What we find then is that no proof can be sufficient to the doubter by some external revelation. The revelation must be inward. Contrary to what we have been told, seeing is, in fact, no surety of believing. After-all, the Israelites saw many a miraculous feat of God's; and that sinful Doubt, as to His incontrovertible Supremacy, as to Him actually being God, still persisted and prevailed in their hearts. Moreover, we know many men to have struggled with a doubt of their reliable senses, on account of their nevertheless fallible nature. And as doubt—(an inward operation of man's will)—is therefore sufficient to topple the vivid experience of the eyes and ears, only an equally opposite operation on that same subjective plain, of that same inner will can alone be sufficient to counteract it's denying influence; that operation, of course, being faith, or trust. Now, faith is no foreign concept to man's general experience with life, but is an essential catalyst to his getting along successfully in it. And faith is never acted upon apart from reason, but is in fact the culmination of all reasoning endeavors; is the crowning achievement of reason, so to speak; the highest pinnacle to which reason brings a man, before that man must inevitably jump, as it were, into the future-moment's insubstantial air, if he would wish to ascend any further. In a word, enduring faith is always firmly founded upon a bedrock of reason. Take, for example, the simple act of boarding a plane: you have in your mind an understanding that planes have fallen from the sky and have crashed, but know this to be a rare tragedy, one very unlikely; though the consequence of such a catastrophe is of so serious a degree as to in all conceivable probability claim your very life, and with no little degree of terror. However, you hear of people and friends taking many flights, and hardly anyone ever seems to be concerned; and you personally know very few persons, if no single person at all, to have died. Thus, on the basis of these reasons you feel quite prepared to travel by this means; yet, in doing so, you are given no occasion to meet the pilot; for all his required qualifications, you are never given any opportunity for yourself to observe, first-hand, what emotional, mental, or physical state that man enters the cockpit in, prior to your placing no less than your very life in his hands; neither do you feel the need to, in spite of having even heard of pilots flying drunk before, though such incidences be exceedingly rare. Much the same, you have known, heard, or read of plenty of incidences where qualified men have conducted themselves so irresponsibly with the numerous lives entrusted to them along with their own; and yet, knowing all of this, as well as being endowed with an intimate and innate understanding of man's outrageous foolishness from having observed it, however infrequently, flaring up in your own being, you nevertheless go ahead and take your chances, ultimately gambling with your life, much as you far more frequently do whenever riding as a passenger in a car or bus. And why do you make this decision? Because, you have faith in the airline, in the plane itself, and in the pilots; in other words, you have faith in the human engineers, in the vehicle, and in the human driver; and that, after-all, not unreasonably, though any and all of these functionaries may fail you, and have indeed failed at one period or another as cautionary history records; to put it simply, you have a faith in the aptitude of mankind as an overseer in your life. Or where else do we get the illustrious phrase, "My faith in humanity has been restored"?—though the very wording of this popular statement, (which has been said or thought innumerable times by men, and certainly at least once, by us all), betrays how undeserving of our faith mankind most certainly is. Indeed, whether we know it to be or not, our moment-to-moment, day-to-day activity constantly testifies as to faith being an indispensable component to one's life; and that to go about attempting to resist any and all acts of faith, (the most misplaced of which must nevertheless be founded upon some degree of reason), proceeding therefore to question every little and trifling thing in life prior to entrusting yourself to its care,—(distrustfully doubting everything, for sensibly not knowing exactly what the future holds, because you sensibly know that it may in all possibility hold tragedy)—that an attempt of this kind and degree would not only be an impossible effort to accomplish, being contrary to even the most cynical man’s nature, but an effort which, by its very endeavor to exclude any and all faith in favor of pure reason, must become in the end the very opposite of reason itself, rendering one, plainly to the eyes of all others, an unreasonable, and even reasonless person, as we unscrupulously judge such persons to be, whom live under a fearful or distrustful oppression of the unknown, and so exist in a state of nearly utter faithlessness. Studying the nature of God—(that is reading and heeding His Word),—meditating on His character, one will slowly begin to reason things out in accordance with what God says of Himself, if that man fairly analyzes God's position as well as his own. Ultimately, the finest of proof is found in the sudden moment of one's being granted faith, (illuminating one's mind with all the convincing force of an epiphany), through the persistent reinforcement of one's reason and experience, just as it is with the man who has finally learned to trust his faithful friend, or perhaps some other individual in life, whom might likewise prove worthy of his trust. For instance, though this man know for a fact that he cannot prove to any other individual his faithful companion's trustworthiness, which he himself has come, by the test of long experience, to be assured of as a fact—although men, in an insensible manner, mockingly impugn his convictions perpetually with the sensible question, "But how do you know that this time won't be the time your 'friend' chooses to betray your trust?"—the man knows from his own objective and reasoning experience that he can rely upon the uncertain future to play out with certainty in this one regard. The simple fact is that he intimately knows his friend, just as one may come to know God, and in no different a mode than by conversing with Him—that is, by speaking to Him in prayer and by hearing from Him in alignment with His Word. And the best this man can do, the best proof he can offer, is essentially to tell others—(thus leaving the investment ultimately in their own hands)—to trust his friend as well—(prudently, of course, initially with little matters),—and to thereby steadily get to know him, if they too wish to know proof of that fellow's trustworthiness.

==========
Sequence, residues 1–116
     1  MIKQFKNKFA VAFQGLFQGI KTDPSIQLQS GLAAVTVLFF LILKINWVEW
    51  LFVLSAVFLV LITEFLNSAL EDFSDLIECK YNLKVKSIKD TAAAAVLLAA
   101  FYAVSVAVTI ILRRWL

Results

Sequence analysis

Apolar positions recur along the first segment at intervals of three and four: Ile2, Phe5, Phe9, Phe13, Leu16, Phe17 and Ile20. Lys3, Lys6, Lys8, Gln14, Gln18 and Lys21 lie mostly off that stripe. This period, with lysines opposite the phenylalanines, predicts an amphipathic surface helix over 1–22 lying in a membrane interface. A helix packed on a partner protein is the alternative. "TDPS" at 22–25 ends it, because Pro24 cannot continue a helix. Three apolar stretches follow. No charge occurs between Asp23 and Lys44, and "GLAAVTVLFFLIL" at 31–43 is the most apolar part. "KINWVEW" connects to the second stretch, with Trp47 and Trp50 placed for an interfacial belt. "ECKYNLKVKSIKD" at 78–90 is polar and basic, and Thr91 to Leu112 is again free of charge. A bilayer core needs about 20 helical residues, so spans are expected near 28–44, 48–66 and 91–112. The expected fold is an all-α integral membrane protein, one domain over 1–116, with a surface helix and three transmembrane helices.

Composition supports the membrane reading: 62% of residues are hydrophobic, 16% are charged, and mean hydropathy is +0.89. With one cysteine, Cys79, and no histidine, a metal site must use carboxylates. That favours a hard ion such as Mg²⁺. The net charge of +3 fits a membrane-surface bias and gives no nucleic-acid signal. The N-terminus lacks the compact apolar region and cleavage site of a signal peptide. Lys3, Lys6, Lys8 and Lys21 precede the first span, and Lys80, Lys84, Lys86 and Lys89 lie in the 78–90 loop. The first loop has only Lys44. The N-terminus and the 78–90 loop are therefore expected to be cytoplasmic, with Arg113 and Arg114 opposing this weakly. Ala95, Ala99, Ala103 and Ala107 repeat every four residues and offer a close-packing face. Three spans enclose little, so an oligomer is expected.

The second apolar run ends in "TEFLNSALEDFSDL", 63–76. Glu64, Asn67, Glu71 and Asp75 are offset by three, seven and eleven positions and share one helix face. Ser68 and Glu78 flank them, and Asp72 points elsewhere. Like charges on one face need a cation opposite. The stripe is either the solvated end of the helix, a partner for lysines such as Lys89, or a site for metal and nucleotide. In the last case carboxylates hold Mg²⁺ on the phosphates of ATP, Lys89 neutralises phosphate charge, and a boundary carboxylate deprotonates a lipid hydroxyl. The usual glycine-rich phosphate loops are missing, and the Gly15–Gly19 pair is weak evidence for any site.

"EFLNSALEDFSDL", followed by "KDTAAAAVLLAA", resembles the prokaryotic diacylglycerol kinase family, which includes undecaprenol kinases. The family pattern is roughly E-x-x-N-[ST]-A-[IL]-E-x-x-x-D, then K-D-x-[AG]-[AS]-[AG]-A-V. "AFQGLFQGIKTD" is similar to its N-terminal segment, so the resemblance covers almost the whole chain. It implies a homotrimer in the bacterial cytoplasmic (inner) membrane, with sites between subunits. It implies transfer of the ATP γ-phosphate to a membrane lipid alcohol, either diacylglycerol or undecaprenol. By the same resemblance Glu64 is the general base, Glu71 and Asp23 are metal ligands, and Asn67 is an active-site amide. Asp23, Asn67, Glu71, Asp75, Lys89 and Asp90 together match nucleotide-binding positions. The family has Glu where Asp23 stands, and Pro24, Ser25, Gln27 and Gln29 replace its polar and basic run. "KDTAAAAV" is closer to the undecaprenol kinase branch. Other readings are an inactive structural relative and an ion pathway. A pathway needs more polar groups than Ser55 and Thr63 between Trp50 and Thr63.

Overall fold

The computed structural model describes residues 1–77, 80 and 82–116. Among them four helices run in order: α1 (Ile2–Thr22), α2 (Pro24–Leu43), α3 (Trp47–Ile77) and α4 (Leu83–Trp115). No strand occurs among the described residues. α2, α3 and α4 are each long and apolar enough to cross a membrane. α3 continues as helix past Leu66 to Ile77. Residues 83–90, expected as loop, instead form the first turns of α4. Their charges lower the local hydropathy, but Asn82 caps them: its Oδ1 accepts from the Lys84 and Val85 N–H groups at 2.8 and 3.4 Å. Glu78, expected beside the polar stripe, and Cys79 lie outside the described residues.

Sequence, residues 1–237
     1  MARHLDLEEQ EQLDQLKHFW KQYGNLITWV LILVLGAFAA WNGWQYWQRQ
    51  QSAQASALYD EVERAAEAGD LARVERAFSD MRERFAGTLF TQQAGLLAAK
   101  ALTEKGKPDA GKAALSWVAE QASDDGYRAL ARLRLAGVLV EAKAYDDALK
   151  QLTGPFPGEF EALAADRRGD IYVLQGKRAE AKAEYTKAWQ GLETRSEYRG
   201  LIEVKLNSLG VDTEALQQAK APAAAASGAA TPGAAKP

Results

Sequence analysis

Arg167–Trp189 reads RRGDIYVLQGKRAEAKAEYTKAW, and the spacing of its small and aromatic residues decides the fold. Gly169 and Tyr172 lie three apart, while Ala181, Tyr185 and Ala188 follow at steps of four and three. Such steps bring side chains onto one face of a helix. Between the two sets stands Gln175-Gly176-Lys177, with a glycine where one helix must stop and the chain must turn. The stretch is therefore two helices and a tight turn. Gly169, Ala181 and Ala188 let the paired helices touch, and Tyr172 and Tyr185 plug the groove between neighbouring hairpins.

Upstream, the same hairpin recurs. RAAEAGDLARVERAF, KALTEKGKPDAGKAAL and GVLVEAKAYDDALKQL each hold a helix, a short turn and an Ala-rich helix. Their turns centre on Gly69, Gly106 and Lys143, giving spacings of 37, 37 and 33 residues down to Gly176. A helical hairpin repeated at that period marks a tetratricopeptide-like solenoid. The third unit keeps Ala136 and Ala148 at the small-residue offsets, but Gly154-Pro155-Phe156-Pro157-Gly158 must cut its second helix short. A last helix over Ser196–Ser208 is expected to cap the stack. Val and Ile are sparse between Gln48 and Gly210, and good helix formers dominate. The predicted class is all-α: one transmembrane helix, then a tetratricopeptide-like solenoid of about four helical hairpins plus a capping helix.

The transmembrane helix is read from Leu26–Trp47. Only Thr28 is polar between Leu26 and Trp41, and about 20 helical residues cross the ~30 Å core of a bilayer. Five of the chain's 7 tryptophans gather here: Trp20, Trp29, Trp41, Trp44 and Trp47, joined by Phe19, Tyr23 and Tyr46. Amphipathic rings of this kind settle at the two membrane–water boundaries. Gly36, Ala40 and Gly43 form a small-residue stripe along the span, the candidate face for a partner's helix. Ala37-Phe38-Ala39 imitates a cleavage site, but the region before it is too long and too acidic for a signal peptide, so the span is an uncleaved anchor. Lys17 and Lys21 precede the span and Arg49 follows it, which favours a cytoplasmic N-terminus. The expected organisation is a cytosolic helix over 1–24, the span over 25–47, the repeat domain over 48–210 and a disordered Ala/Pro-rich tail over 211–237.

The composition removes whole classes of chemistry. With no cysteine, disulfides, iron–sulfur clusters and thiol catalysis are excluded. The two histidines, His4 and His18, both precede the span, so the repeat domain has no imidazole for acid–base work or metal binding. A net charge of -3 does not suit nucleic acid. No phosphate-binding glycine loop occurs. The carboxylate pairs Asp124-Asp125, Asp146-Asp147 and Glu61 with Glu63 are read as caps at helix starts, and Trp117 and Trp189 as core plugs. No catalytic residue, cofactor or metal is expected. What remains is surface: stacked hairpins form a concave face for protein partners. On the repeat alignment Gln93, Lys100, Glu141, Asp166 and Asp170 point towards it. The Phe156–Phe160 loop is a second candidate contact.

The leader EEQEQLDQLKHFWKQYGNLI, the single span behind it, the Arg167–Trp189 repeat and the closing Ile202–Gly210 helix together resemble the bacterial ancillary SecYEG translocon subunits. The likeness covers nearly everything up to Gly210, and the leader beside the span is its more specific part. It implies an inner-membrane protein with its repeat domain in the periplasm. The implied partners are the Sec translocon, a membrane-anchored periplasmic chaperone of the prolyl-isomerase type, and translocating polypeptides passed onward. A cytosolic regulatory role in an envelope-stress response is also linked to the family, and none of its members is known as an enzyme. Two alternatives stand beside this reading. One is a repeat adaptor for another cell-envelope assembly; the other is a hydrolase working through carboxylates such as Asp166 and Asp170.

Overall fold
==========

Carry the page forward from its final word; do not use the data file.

If clarity in this matter still remains somewhat elusive, let us take momentary heed of the following example: should a man—(whom we’ll use in meager comparison to God and His offer of salvation)—similarly tell us he can be trusted with turning 10 of our dollars into $1,000, we ultimately cannot know this to be the truth apart from entrusting that man with 10 of our dollars. Though we may look for every impersonal evidence both in favor or disfavor of his trustworthiness, satisfying whatever length of research might be available to us, which information might even then exercise over us its power of persuasion toward our deciding upon one resolution or another, still, despite all of this prudent investigation (records and hearsay being of what insufficient guarantee they are, and likewise requiring the investment of our faith), we cannot truly prove whether or not this man will do what he says he will do until we’ve for once entrusted to him that small investment which his grandiose proclamation requires from us. And so—in acknowledging our presently hypothetical and strictly-monetary offer as being completely devoid of the resonating, personal truth that fully impregnates the vastly-superior, Gospel offer,—the only sensible and likewise practical question in this scenario becomes—(if it is, indeed, proof we're seeking)—‘Does the benefit outweigh the cost, and, if so, by how much?’ or ‘What exactly do we risk losing in light of what we stand to gain?’ Verily, before Almighty God and the unparalleled gift He extends man through Christ Jesus, every man has absolutely nothing of worth to lose in trusting his Maker to prove His promised trustworthiness, but rather he has everything of worth to gain. Notwithstanding, man does stand to lose everything he cherishes for passing up, or spurning, as is more often the case, the benevolent and altruistic offer which his God extends him for his limited lifetime.
Perhaps the simple reality has been taken for granted that no one, of course, knows their friend,—or any man for that matter,—merely by looking at that individual, merely by seeing him with their eyes; neither can they come to ‘believe in’ this person whom they see—(which illustration carries the truer import of those words, with regard to our 'belief in God')—strictly by the sight of him; but rather by hearing or reading and so retaining that person's spoken or written words, and observing how those words line up with that man's performances, until, if such a man be honorable and his words ring continuously true, he may come simply to be taken at his word, and be no longer viewed with suspicion. This same reality goes for God, as well—and that by His own ordination. Thus, as we have altogether reasoned out, we find that this alone can be the only ‘proof’, as the atheist means it, of God, just like God says of it in His Word,—Faith: the final step taken by one's sincere reasoning endeavors, which invested act further rewards one's understanding tenfold; and so, from this, the reasoning skeptic should have his first, albeit meager, evidence of God, if he understands nothing more. After-all, as we are told, the Lord is "a rewarder of those who diligently seek Him" - Hebrews 11:6.
Quite reasonably, Faith in God—which is synonymous with ‘proof of God’—comes from hearing, and hearing from the Word of God, (Romans 10:17), that is to say, from what Christ testifies of Himself. Without faith, after-all, as He has told us, it is impossible to please Him, just as we'd find it the case with anybody else we'd hope to closely befriend.